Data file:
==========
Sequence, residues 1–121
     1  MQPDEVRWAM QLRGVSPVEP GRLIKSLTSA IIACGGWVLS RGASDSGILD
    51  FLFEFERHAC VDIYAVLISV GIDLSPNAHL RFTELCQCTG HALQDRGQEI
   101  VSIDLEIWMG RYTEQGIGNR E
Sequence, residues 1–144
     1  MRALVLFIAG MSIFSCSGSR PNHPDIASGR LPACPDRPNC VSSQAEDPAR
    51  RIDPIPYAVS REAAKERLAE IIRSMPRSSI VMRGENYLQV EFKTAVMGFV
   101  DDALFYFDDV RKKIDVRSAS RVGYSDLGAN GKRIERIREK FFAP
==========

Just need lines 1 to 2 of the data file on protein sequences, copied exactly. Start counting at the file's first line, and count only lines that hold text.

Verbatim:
Sequence, residues 1–121
     1  MQPDEVRWAM QLRGVSPVEP GRLIKSLTSA IIACGGWVLS RGASDSGILD